[This is a short excerpt from a testimony of Sarah, the wife of Jonathan Edwards (1703-1758). It demonstrates how the themes of God’s love, grace, and our union with Christ were precious to her as someone associated with the Great Awakening in New England.]
I felt a strong desire to be alone with God, to go to Him, without having any one to interrupt the silent and soft communion, which I earnestly desired between God and my own soul; and accordingly withdrew to my chamber. It should have been mentioned that, before I retired, while Mr. Reynolds was praying, these words, in Rom. 8:34. came into my mind,
” Who is he that condemneth; it is Christ that died, yea rather that is risen again, who is even at the right hand of God, who also maketh intercession for us” as well as the following words, “Who shall separate us from the love of Christ,” etc.; which occasioned great sweetness and delight in my soul. But when I was alone, the words came to my mind with far greater power and sweetness; upon which I took the Bible, and read the words to the end of the chapter, when they were impressed on my heart with vastly greater power and sweetness still. They appeared to me with undoubted certainty as the words of God, and as words which God did pronounce concerning me. I had no more doubt of it, than I had of my being. I seemed as it were to hear the great God proclaiming thus to the world concerning me; ” Who shall lay any thing to thy charge,” etc.; and had it strongly impressed on me, how impossible it was for any thing in heaven or earth, in this world or the future, ever to separate me from the love of God which was in Christ Jesus.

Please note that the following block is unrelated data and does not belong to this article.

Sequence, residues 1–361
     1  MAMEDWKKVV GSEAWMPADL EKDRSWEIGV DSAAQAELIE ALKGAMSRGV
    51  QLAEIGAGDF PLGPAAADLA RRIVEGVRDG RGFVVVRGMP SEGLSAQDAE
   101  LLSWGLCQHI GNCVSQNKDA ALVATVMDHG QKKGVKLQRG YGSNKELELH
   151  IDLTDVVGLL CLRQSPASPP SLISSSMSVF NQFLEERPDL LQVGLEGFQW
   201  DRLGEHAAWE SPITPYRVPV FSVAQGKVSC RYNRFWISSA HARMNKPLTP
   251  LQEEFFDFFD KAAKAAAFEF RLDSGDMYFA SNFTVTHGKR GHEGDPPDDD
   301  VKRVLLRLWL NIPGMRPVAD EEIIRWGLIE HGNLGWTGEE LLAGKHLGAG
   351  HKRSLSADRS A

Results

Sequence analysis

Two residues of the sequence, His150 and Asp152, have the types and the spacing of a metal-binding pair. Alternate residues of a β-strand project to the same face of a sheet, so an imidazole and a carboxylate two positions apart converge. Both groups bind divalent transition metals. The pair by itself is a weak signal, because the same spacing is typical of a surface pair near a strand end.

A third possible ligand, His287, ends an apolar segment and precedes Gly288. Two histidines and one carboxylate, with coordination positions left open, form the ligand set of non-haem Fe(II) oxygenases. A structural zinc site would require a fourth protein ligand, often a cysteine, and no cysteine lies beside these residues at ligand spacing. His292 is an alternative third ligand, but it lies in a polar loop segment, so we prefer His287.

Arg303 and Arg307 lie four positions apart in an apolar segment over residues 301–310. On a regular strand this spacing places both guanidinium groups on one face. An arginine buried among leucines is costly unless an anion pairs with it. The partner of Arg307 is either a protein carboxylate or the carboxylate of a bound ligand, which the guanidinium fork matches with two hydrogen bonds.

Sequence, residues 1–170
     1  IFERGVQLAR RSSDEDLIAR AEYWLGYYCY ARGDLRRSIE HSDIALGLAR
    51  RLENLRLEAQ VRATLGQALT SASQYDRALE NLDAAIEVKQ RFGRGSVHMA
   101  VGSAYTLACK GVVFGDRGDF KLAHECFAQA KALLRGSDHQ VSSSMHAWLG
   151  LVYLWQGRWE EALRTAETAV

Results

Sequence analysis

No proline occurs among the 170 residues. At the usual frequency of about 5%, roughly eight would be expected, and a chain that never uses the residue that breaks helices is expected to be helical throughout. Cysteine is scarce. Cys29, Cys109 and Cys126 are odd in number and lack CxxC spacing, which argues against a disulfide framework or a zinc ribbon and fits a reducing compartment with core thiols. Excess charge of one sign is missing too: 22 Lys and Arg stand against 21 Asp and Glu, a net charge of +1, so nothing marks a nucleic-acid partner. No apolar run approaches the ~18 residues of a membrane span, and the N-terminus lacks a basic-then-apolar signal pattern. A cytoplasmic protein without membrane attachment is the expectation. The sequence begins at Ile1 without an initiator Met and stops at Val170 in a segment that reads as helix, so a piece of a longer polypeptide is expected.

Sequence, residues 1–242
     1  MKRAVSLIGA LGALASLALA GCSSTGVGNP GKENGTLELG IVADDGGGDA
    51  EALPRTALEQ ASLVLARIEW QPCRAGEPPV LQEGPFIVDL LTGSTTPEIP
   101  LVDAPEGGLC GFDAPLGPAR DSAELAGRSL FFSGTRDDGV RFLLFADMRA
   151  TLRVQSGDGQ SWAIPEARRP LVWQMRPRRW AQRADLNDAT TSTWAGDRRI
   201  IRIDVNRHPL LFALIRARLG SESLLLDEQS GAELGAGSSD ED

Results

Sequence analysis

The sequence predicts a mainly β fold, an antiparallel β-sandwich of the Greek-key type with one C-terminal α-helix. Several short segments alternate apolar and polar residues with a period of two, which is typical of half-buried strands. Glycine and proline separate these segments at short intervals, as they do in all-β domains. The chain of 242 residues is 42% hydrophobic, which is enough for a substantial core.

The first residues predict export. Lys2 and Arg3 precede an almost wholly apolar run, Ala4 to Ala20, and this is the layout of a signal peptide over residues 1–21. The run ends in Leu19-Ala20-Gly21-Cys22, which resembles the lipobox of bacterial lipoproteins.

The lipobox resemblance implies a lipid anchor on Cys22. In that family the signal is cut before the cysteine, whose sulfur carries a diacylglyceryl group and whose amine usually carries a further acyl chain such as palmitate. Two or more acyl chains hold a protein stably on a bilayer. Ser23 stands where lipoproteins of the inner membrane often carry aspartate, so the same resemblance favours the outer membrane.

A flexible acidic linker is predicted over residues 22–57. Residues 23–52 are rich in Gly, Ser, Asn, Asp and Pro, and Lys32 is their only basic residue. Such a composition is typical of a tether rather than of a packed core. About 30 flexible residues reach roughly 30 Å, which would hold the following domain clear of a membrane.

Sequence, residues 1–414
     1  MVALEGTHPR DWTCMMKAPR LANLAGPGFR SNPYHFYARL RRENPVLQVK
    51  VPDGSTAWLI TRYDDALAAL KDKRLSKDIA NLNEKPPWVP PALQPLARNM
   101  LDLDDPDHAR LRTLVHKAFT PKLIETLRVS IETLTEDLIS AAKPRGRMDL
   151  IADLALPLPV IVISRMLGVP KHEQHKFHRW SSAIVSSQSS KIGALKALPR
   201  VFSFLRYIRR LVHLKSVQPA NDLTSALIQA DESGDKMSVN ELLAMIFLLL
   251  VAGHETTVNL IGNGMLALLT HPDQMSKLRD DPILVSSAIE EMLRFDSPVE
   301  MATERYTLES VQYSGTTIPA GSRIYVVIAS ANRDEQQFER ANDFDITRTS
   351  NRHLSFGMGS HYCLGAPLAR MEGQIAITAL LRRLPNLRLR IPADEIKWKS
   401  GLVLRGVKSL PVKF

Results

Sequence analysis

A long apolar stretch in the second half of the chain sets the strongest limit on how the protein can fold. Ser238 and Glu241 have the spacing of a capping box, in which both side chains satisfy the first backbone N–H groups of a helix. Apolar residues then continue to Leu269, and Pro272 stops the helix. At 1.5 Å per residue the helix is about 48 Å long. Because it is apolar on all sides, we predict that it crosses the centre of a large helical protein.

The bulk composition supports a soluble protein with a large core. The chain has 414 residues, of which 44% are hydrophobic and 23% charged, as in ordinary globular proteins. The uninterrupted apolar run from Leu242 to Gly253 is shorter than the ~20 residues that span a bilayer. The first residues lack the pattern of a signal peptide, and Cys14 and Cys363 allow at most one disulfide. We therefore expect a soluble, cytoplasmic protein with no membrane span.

I cannot find language to express, how certain this appeared; the everlasting mountains and hills were but shadows to it. My safety, and happiness, and eternal enjoyment of God’s immutable love, seemed as durable and unchangeable as God himself. Melted and overcome by the sweetness of this assurance, I fell into a great flow of tears, and could not forbear weeping aloud. It appeared certain to me that God was my Father, and Christ my Lord and Saviour, that He was mine and I His.
Under a delightful sense of the immediate presence and love of God, these words seemed to come over and over in my mind, ” My God, my all; my God, my all.” The presence of God was so near, and so real, that I seemed scarcely conscious of any thing else. God the Father, and the Lord Jesus Christ, seemed as distinct persons, both manifesting their inconceivable loveliness, and mildness, and gentleness, and their great and immutable love to me. I seemed to be taken under the care and charge of my God and Saviour, in an inexpressibly endearing manner; and Christ appeared to me as a mighty Saviour, under the character of the Lion of the tribe of Judah, taking my heart, with all its corruptions, under his care, and putting it at his feet. In all things, which concerned me, I felt myself safe under the protection of the Father and the Saviour; who appeared with supreme kindness to keep a record of every thing that I did, and of every thing that was done to me, purely for my good.